Posts Tagged ‘birth choices’

A Perfect Birth

Birth without trauma.  Birth in which the mother and baby are healthy and happy.  Birth which leaves no lasting ramifications, either physical or emotional.  A Perfect Birth.  That’s what I have now experienced with the birth of my son.

Going into birth this time, I was ready.  Ready, educated, and excited.  My pregnancy before this delivery was rocky, to say the least.  Symphysis Pubic Dysfunction, two hospital stays due to illness, and a last-minute run around regarding getting the delivery I wanted (and needed) posed real issues for me.  However, the delivery, a delivery that myself and my doctor agreed to be most beneficial to mother and baby, was such that it set up “a perfect birth.”

My son’s birth story:

I went into the hospital at 11:30, with the understanding that the c-section would take place at 1:00.  I was 38 weeks, 2 days and with no indications of imminent labor, I understood that my surgery could be “pushed” for emergency patients.  I was made comfortable while waiting for my turn, and an IV was inserted, and any questions I had were answered.  A little after 1:00, I was wheeled into the delivery room.  I walked myself to the bed and was told how to sit for an effective spinal.  All the while, the medical professionals present were kind, understanding, supportive, and reassuring.  My spinal was placed without incident and then I was instructed to lie down.  Once numbed, I was happy to see my husband arrive by my head.  And then, the incision, the surgery, and less than 8 minutes from first incision, my baby boy’s screams as he was born.  Perfect baby boy, who was immediately shown to me and then checked out by the nurses (with my husband by his side and in the same room).  Once wrapped up, my husband held him by my head as they stitched me up.  All the while I felt cared for, informed, and respected.  A complete opposite to my previous birth experience.  My husband, baby, and I ventured to recovery together where I was able to effectively breastfeed and bond with the newest member of our family.  Later that evening, my daughter joined us and our family of four was “officially” all together.

Since the birth, I have managed my pain and was off all pain killers within the first week.  I am able to walk now with the symphysis pubic dysfunction drastically diminished.  I have nothing but positive memories of the birth and my daily interactions reflect positivity.  I am looking forward to noting my progress at my 6 week check-up.  The baby is doing wonderfully as well.  Over eight pounds at birth, he continues to thrive, both feeding and sleeping as well as a 3 and 1/2 week old should.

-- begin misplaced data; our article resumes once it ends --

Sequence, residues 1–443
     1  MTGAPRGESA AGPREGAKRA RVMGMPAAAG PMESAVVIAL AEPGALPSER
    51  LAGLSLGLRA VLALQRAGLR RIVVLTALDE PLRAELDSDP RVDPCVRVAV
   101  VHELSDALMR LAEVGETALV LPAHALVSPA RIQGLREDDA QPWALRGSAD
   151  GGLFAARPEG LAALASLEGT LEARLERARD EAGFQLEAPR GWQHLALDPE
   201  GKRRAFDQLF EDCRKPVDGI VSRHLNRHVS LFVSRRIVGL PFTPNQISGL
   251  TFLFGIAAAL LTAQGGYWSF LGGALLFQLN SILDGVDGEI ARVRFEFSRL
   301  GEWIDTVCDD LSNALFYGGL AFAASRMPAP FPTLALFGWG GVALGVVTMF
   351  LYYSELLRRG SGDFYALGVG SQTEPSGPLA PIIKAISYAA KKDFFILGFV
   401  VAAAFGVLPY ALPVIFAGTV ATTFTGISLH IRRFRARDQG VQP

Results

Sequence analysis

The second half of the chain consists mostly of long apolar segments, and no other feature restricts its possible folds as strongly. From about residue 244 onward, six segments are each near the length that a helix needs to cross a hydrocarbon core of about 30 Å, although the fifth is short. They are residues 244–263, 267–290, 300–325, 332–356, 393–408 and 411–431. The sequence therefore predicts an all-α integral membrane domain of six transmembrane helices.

The support I have had for this birth experience was immeasurable.  Thank you all.

Thanks for reading,

Lauren

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Women versus Women?

Lately, I have seen a lot written about “natural birthers” versus “hospital birthers.”  Women versus Women in a battle for who has a better birth plan, who has a better idea about how we should birth, who has a “safer” way to birth, who has an ideal way to birth.

Ladies, and it is mostly ladies-why are we fighting each other?  We are all looking for the same thing- the birth that is right for us.  As I have stated previously in my post on birth position,  my birth position is that women should have the choice, prenatally, and during birth, to have their babies the way that they want to have their babies while preserving the mother’s health and the child’s health through a balance of the mother’s informed wishes and competent medical professional opinion.

This US versus THEM phenomenon does not need to occur.  In fact, it is detrimental to women’s progress when we keep chipping away at each others’ choices and freedoms.  There is no need to impose your belief system on others as the only true way.  I hope that when people read my blog they realize that this is my opinion, my quest to educate women, their families, and the community about the very real physical and emotional ramifications of birth trauma.

As I have written before, I recognize that birth trauma can arise from hospital births, home births, non-medicated births, medicated births,medically assisted births, and anything else that causes the mother to feel helpless and full of fear. (remember, it’s in the eye of the beholder.)  It is not up to me to tell another which birth would be less traumatizing, it’s only up to me to share MY story and help other mothers with birth trauma explore the options right for them.

It is when we reach a quagmire between two opposing groups that real progress stops.  Yes, natural birthers make valid points.  Yes, hospital birthers make valid points.  And, YES, people can educate themselves and make their own decision regarding their birth choices.  Let’s stop focusing on the birth and shed light on the issues that can result from any birth.  Issues like birth trauma, physical and emotional.

Thanks for reading,

Lauren